Clean Energy Helps End Greenhouse Gas Emissions

David Fessler By David Fessler, Energy and Infrastructure Strategist, The Oxford Club

Alternative Energy

U.S. carbon dioxide emissions just hit a 25-year low.

It’s true.

A big decrease in coal burning coupled with mild weather resulted in CO2 emissions of just 2,530 million metric tons for January to June of 2016. It’s the lowest level since 1991. That compares to 2,670 million tons in the same period last year.

It’s an ironic twist of fate that warm weather from global warming may be contributing to lower CO2 emissions. In the first half of this year, the U.S. chalked up the fewest heating degree days since 1949, when the EIA began keeping records.

Long-term natural gas and renewables investors stand to benefit, too. Those sources are largely replacing coal in power generation.

And coal is one of the biggest sources of CO2 emissions.

Year over year, coal use dropped by 18% in the first six months of 2016. Coal exports, which had been one bright spot for the rapidly declining sector, fell 40% in July 2016.

At just 3.3 million short tons, July’s exports were the lowest since February 2007. And for the first seven months of this year, coal exports dropped 32% compared to the same period last year.

Natural gas is replacing coal as the go-to fuel for new generation. Last year, coal and natural gas each contributed about 33% of power.

This year, utility-scale generation from natural gas will be 35%, compared to 30% for coal. One of the big spoilers has been the rapid adoption of renewable energy.


Solar power generation started from a low base of 10 gigawatts in 2014. However, by the end of next year, solar should hit 27 GW.

That’s an average annual growth rate of 39%. It also happens to be the highest rate among all sources of power generation, including other renewables.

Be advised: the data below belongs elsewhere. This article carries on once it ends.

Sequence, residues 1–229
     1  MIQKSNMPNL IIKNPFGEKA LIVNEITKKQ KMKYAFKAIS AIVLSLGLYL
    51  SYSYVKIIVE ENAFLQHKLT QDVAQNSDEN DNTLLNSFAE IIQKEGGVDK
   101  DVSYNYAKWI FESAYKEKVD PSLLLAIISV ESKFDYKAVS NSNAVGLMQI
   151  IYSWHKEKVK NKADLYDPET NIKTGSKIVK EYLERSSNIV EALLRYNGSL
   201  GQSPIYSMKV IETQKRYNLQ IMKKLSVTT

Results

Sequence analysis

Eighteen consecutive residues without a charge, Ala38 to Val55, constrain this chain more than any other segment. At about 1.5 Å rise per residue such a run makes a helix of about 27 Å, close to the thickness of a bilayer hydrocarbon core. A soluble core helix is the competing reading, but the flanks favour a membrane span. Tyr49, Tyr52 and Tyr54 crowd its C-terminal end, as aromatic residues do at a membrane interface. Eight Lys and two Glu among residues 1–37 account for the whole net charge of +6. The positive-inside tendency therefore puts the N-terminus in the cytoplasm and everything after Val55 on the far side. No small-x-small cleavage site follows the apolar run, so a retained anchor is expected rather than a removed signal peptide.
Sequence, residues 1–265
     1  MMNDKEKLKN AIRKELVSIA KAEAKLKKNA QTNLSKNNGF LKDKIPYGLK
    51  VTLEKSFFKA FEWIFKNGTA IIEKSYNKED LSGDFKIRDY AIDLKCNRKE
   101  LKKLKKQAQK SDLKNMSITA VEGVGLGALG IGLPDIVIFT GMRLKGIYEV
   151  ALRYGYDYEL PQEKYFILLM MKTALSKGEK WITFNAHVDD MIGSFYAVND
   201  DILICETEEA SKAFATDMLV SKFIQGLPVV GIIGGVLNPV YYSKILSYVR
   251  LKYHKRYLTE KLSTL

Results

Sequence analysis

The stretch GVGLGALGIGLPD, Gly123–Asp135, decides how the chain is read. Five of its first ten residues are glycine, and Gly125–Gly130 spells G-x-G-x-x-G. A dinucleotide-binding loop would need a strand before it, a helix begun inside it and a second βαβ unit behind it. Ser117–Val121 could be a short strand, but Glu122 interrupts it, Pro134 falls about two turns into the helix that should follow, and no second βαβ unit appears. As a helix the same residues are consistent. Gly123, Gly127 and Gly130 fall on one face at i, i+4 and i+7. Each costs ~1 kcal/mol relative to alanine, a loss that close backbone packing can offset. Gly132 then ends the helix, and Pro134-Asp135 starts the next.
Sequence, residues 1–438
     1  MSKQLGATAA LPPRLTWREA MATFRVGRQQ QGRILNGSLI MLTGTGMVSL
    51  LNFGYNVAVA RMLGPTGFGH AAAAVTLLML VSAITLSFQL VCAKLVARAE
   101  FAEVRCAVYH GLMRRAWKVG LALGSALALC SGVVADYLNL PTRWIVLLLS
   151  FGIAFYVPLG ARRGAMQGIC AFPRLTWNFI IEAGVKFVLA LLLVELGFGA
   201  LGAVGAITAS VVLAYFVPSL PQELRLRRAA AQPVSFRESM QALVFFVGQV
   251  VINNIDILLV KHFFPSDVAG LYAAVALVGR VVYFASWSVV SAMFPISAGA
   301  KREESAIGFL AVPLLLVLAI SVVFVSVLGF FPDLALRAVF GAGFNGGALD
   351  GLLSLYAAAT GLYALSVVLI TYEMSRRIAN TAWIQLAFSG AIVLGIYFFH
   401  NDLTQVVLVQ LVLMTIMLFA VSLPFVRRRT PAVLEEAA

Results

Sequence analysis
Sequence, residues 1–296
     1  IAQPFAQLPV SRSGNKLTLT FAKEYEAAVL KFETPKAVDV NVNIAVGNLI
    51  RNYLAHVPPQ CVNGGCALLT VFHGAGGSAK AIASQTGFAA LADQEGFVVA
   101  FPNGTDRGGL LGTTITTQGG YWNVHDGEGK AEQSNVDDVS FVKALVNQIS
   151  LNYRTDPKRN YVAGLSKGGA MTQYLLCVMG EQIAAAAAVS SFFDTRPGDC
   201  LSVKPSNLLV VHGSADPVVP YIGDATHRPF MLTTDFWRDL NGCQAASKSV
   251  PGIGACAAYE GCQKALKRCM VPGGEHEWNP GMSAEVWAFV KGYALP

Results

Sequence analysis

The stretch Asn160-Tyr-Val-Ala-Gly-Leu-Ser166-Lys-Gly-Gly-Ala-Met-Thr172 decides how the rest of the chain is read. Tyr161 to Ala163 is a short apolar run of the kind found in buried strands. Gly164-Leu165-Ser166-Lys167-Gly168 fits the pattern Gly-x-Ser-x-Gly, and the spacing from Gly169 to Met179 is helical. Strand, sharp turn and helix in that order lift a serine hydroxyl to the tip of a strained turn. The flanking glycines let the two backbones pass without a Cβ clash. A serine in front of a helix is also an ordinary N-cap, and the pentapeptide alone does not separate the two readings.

Meeting Our Greenhouse Gas Emissions Targets

 Clearly, renewables present a real opportunity to reduce our CO2 emissions. They also present a real opportunity for investors.

And the government is helping that cause…

In 2009, President Obama attended the world climate talks in Copenhagen, Denmark. He pledged that by 2020, the U.S. would reduce its greenhouse gas (GHG) emissions by 17% from 2005 levels.

He made those promises in the hopes that Congress would pass climate legislation in its 2010-2011 sessions. True to form, Congress did nothing.

Scientists and climatologists around the world scolded the U.S. for its inaction. After all, the U.S. is still one of the world’s biggest GHG emitters.

That’s the bad news. The good news is the U.S. is on its way to meeting Obama’s promise anyway.

Many of our recent GHG emissions regulations for cars and light trucks are partly responsible for the drop in GHG. But an even bigger contributor to GHG reduction is the EPA’s emissions regulations on power plants and industrial companies.

The pie chart below shows the contribution of GHGs by economic sector. It’s clear that by hitting power generation, transportation and industry, the EPA is going after the low-hanging fruit.


By 2020, the EPA’s regulations will achieve reductions of 10.5% from 2005 levels. Another 3.3% of reductions will come from improvements in energy efficiency and the increased use of natural gas.

When utilities burn natural gas, they generate half as much CO2 as they do when they burn coal. Right now, natural gas has never been more plentiful here.

But new federal regulations on GHG emissions aren’t the only contributor to lower levels. There are plenty of state and regional regulations, too.

They’ll be responsible for another 2.5% reduction in GHGs by 2020. There are 29 states with their own renewable energy standards.

In addition, 24 have energy efficiency programs in place. More are likely to follow with their own standards.

The lack of comprehensive federal climate change rules frustrates many state legislators. So they are taking things into their own hands.

And it’s making a difference.

Plenty of Angles for Investors 

Investors interested in profiting from America’s GHG reductions have plenty of options. There are a number of alternative energy exchange-traded funds.

The PowerShares WilderHill Progressive Energy Portfolio ETF (NYSE: PUW) has an impressive year-to-date return of 24.15%.

However, its total five-year return is only 13.57%. A better choice might be the First Trust ISE Global Wind Energy Index Fund (NYSE: FAN). Its year-to-date return is slightly lower, at 17.11%, but its five-year return is an impressive 67.97%.

Investors also have the option of investing in individual “green” equities. But I’ll leave that topic for another day.

The good news here – for investors and Americans in general – is we are reducing our GHG emissions. Why the press and media aren’t on this story is a bit baffling to me.

Perhaps they just can’t see the forest for the trees.

Good investing,